School Notes: Big Changes in Small Districts
A pair of seemingly unrelated events could have a significant effect on public education in the White River Valley.
On Jan. 14, voters in Rochester, Vt., approved keeping their current K-12 school district in an advisory vote. By a count of 220-113, voters expressed a preference for keeping the high school open over turning the town’s small school into a K-8 operation.
That evening, David Bickford, superintendent of the Orange Windsor Supervisory Union, told the Strafford School Board that he planned to retire at the end of his contract term, June 30. Bickford, who has been overseeing the public schools in Royalton, Sharon, Tunbridge, Strafford and Chelsea for the past seven years, has been a prominent voice in calling for collaboration among schools, both within his supervisory union and beyond its five towns.
How are these two events related? Under a proposal before the state Board of Education, schools in Rochester and Bethel would be placed in Orange Windsor Supervisory Union. The board has put off a decision on the plan until June. With his emphasis on collaboration among schools, Bickford has been central to meetings over the proposed breakup of the Windsor Northwest Supervisory Union, which in addition to Bethel and Rochester contains the small towns of Stockbridge, Pittsfield, Granville and Hancock.
“In my view, David’s lasting achievement as far as the supervisory union goes is the collaboration among the districts in a variety of areas,” said Paul Perkins, chairman of the Strafford School Board.
“I think that David has worked very hard to get all five schools to work in a more collaborative effort,” said Don Shaw, chairman of the Sharon School Board and of the OWSU executive committee.
Under Bickford, the supervisory union’s schools have been sharing resources, centralizing curriculum, collective bargaining and special education services. Some of that work complies with state mandates, but Bickford has gone beyond that. The supervisory union holds a yearly music festival that mixes students from across the union’s towns.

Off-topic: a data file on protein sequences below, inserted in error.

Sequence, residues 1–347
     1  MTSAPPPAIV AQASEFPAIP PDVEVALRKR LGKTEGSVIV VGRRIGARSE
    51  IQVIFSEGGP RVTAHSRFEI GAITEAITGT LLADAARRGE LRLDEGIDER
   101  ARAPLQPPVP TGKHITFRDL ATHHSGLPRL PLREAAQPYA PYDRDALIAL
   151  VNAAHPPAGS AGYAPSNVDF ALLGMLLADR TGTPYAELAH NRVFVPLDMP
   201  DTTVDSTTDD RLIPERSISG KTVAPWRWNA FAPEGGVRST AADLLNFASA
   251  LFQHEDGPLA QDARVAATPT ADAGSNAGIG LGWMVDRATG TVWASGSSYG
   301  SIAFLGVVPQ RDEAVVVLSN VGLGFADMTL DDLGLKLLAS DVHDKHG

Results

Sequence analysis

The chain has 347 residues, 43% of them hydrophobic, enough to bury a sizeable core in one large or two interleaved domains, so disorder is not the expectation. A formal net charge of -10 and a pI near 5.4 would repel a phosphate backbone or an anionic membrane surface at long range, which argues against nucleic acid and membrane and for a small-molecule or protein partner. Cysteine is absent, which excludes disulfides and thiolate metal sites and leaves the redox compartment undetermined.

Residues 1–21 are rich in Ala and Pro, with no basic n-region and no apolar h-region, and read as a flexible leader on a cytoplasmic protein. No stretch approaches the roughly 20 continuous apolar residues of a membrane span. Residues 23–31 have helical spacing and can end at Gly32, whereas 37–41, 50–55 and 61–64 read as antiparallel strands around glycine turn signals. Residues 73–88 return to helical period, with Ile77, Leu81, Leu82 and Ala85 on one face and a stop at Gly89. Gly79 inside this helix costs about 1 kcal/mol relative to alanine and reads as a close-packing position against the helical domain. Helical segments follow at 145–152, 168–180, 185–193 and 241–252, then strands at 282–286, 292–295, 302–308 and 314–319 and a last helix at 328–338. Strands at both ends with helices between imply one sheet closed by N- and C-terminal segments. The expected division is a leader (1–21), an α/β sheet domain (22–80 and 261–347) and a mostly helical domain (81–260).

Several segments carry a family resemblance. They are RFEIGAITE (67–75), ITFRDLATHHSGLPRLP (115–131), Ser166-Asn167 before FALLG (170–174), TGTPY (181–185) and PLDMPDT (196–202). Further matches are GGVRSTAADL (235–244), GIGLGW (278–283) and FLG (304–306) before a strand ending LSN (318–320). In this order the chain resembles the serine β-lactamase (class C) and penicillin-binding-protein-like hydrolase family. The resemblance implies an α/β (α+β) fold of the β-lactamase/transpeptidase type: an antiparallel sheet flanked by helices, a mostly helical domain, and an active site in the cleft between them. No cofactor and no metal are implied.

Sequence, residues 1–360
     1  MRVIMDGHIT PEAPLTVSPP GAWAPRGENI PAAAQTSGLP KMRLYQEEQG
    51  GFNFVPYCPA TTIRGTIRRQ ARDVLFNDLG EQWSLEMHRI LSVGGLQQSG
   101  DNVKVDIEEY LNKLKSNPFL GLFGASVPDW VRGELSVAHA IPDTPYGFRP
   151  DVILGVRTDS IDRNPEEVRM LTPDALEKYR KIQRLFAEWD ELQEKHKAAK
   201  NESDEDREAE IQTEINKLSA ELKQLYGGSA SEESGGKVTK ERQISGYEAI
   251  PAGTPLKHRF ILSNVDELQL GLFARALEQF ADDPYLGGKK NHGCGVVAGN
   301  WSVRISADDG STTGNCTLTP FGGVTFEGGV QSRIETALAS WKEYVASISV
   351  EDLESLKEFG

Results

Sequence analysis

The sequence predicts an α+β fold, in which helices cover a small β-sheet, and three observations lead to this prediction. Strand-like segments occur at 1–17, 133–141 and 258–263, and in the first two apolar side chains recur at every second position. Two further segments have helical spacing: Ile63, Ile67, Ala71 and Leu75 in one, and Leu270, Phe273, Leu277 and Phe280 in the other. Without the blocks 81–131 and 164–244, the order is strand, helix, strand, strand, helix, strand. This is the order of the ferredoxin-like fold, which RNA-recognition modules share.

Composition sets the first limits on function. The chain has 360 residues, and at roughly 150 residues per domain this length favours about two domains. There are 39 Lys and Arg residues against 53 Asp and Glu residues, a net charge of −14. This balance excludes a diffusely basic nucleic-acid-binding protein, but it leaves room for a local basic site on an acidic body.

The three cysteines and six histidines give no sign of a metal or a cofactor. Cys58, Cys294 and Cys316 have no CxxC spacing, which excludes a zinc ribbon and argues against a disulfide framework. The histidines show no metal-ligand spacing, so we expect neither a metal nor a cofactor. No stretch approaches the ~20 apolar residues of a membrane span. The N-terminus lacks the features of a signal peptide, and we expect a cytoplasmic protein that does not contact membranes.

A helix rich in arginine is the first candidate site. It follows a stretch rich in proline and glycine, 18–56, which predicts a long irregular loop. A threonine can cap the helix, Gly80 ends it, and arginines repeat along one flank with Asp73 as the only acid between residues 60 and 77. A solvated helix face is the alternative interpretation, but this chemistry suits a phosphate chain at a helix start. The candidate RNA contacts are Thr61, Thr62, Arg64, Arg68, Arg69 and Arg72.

Bickford also went to bat to preserve a key aspect of school choice for Strafford residents. He drafted and supported a law that allows parents to send children to a non-designated high school at the tuition rate of the designated school, rather than at the lower state average.
“That basically restored school choice to everyone in Strafford, not just those who could afford it,” Perkins said.
Bickford could not be reached for comment. In his Jan. 14 retirement letter, Bickford noted that he has been the longest-serving OWSU superintendent. He plans to work and travel a few more years before retiring, he wrote.
“I would like to thank everyone who has helped make my stay at OWSU interesting and rewarding and I wish you all the best as the SU embarks on its next chapter in the educational saga of central Vermont,” he wrote.
Before he departs, Bickford also will assist South Royalton School in finding a new principal. Gail Trotin announced earlier this month that she plans to leave at the end of the school year, after two years on the job. “He should be around to assist us through that,” said Tom “Geo” Honigford, a member of the Royalton School Board.